See the smaller films: MUSIDORA: THE TENTH MUSE by Patrick Cazals studied the life and work of Feuillade’s great star, revealing much I hadn’t known: did you know Musidora directed several films? Now I want to see them, as they look very good, and as star she is always compelling. I left with even more respect for her acting, which magnetically pulls focus from her co-stars without any visible effort, and runs the gamut from startling naturalism to savage pantomime. This ran alongside NATAN at the bonus screening and made a perfect mate for it (almost too perfect: it uses all the same techniques, only better — apart from not having a papier mache main character). Cazals has made docs on figures as diverse as Paradjanov and Mamoulian, which I now crave to see.

Coppola was in attendance with RUMBLE FISH, subject of a new doc (LOCATIONS: SEARCHING FOR RUSTY JAMES) — Paul Duane approached him at a party to voice his admiration: “He didn’t look very interested, but the acoustics weren’t good at that party, so while I was telling him that RUMBLE FISH had always been a great cult film in Ireland, he was probably hearing ‘Blah blah blah I’m a boring cunt.’”

Festival co-founder Tom Luddy informed us that Chris Marker actually shot background plates for RUMBLE FISH — some of that time-lapse stuff — which raised our eyebrows. Also that Marker’s last major work was on Second Life. He wasn’t interested in spending time restoring his earlier films as he was too excited by new media. “I can’t waste time on that — the tools I need are finally here!”

Be sociable! I regret not telling Coppola what a big cult item RUMBLE FISH always was in Scotland, but I had great chats with Philip Kaufman, John Ptak, Patrick Cazals, and formed the kind of intense friendships with fellow filmmakers that festivals are really good for. I want to see Esther Julie-Anne, Battiste Fenwick and Dario Naldi again soon. Dario takes a good picture –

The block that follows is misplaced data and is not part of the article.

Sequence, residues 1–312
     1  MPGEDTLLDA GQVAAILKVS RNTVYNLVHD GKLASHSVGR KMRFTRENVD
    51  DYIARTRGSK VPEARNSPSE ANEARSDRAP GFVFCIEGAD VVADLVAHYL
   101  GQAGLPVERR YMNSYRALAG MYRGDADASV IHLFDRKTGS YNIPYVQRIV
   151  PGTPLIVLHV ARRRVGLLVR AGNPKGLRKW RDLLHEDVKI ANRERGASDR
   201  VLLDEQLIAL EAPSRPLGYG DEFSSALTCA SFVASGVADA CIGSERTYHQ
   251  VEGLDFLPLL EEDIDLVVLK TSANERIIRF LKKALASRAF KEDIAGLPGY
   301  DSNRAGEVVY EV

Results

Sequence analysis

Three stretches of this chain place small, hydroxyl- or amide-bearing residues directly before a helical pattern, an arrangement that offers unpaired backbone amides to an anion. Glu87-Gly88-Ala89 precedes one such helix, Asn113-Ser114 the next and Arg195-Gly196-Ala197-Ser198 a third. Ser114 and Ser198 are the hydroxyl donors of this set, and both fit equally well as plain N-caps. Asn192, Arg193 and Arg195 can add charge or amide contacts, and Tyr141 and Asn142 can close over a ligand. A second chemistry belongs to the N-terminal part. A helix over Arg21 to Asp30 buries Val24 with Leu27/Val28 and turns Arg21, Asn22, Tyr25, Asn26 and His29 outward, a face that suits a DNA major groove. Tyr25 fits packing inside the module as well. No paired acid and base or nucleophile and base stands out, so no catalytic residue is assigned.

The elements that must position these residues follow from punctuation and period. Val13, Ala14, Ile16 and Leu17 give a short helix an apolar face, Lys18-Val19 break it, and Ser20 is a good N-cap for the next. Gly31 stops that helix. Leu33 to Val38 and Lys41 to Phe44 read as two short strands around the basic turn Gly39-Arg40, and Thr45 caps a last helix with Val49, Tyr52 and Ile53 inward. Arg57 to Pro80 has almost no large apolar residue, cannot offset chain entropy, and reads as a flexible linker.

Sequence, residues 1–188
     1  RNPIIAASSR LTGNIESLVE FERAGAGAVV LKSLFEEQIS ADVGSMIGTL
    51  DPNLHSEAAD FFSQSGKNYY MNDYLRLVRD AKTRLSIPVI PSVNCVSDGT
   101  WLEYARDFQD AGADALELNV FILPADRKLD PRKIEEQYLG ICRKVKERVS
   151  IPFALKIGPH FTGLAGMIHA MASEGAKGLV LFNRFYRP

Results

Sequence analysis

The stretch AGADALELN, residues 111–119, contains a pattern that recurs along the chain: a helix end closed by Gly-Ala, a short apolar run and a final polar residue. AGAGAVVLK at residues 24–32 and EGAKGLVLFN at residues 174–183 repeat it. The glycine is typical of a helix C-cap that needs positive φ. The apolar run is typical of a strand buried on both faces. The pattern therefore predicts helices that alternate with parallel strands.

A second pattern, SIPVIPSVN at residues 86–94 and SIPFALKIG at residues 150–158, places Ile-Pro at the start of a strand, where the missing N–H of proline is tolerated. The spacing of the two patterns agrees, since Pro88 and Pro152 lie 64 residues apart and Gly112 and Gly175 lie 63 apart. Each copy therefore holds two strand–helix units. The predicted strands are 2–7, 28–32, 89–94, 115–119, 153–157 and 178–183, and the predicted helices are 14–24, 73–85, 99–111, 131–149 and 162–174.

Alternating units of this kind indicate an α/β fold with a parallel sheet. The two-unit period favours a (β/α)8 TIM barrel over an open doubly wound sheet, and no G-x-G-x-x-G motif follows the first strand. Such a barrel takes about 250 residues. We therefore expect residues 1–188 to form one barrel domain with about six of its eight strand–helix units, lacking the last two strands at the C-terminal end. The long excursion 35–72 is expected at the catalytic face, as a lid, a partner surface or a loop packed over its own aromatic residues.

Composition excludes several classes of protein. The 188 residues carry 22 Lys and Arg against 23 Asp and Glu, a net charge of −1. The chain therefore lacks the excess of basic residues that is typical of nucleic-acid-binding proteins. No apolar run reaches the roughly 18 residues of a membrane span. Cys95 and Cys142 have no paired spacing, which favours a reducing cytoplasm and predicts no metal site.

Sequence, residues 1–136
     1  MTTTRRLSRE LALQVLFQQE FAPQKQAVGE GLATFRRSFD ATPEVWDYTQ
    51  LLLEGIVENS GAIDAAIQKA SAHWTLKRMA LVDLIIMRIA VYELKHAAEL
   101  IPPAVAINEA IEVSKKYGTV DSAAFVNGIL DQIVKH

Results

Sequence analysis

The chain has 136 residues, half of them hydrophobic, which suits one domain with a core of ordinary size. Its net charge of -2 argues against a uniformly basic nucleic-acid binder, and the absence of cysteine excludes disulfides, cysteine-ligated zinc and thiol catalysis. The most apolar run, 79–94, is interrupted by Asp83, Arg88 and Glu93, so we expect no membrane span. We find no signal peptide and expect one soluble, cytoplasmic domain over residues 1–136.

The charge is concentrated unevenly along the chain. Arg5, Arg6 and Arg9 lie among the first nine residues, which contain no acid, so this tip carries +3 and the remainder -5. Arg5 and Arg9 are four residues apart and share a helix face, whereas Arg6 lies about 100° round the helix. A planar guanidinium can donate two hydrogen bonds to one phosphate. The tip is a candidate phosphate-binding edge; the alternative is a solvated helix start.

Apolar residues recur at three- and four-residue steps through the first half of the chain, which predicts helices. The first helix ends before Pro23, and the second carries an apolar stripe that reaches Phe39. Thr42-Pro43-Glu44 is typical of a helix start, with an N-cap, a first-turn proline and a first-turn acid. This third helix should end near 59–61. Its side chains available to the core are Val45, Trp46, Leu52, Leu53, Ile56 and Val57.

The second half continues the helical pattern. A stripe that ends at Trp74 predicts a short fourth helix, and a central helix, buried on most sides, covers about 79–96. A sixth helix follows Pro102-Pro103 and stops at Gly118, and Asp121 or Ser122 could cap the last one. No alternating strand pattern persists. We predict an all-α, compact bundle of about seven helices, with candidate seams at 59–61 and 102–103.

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Light My Fire

Posted in FILM with tags , , , , , , , , on July 31, 2013 by dcairns

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Watched IS PARIS BURNING? because I’d been meaning to and it was one of the film’s on Spike Lee’s recent, very good, list of films every film-maker should see. (Full list here.) Also recommending it was the fact that René Clement is aces, and the cast is beyond sumptuous (although some of the big names are only in it for a cough and a spit) and the screenplay is adapted by Francis Ford Coppola and Gore Vidal (were those two actually in a room together?).

The best aspect of the movie, about the liberation of Paris and the Nazi scheme to blow the city to schmidtereens, is the accumulation of little anecdotes, vignettes with the bizarreness which marks them as true. Belmondo conquers a palace just by showing up with his wife and demanding the French police hand it over to him. Jean-Pierre Cassel conducts a machine-gun assault from an old lady’s apartment as she watches, enchanted, sipping tea, then orders his men to clear up the spent bullet casings from the floor as they leave. Anthony Perkins treats his invasion as a sight-seeing tour.

It’s an oddly upbeat war movie, but not in the offensively jingoistic John Wayne manner — it’s really a celebration of Paris, which blossoms into colour as the end credits roll. Stylistically, there are some awkward moments, and the marriage of stock footage and not-quite-verité action is sometimes a trifle jarring.

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There’s an early moment which is a very striking example of muddled filmmaking. Two resistance members (Delon & Caron) meet in a cinema where a newsreel is screening. For some incomprehensible reason, the cinema screen is in a 14:9 aspect ratio which did not exist in the 1940s (IPB? is itself widescreen), with the footage anamorphically stretched to fit, resulting in stretch tanks and tubby Wehrmacht. I can only assume somebody in the production felt a 4:3 screen would look old hat, and that no audience could possibly care about such a detail. Strange when so much work has gone into every other detail.

The cinema seems very bright — and this is factually correct, for when the Actualité Mondiale newsreels (co-produced by Pathé and Gaumont and serving up Pétainiste propaganda: several are quoted in our film NATAN) were screened, audience members heckled. To prevent this, the lights were kept on. Somebody knew this, and thought it worth including in the film, even though there was no opportunity to explain it to audience members who might not know — and yet they compromised on the aspect ratio to make it look more modern.

There must be a lesson in this, and the one I choose to take is: far better to simply be honest.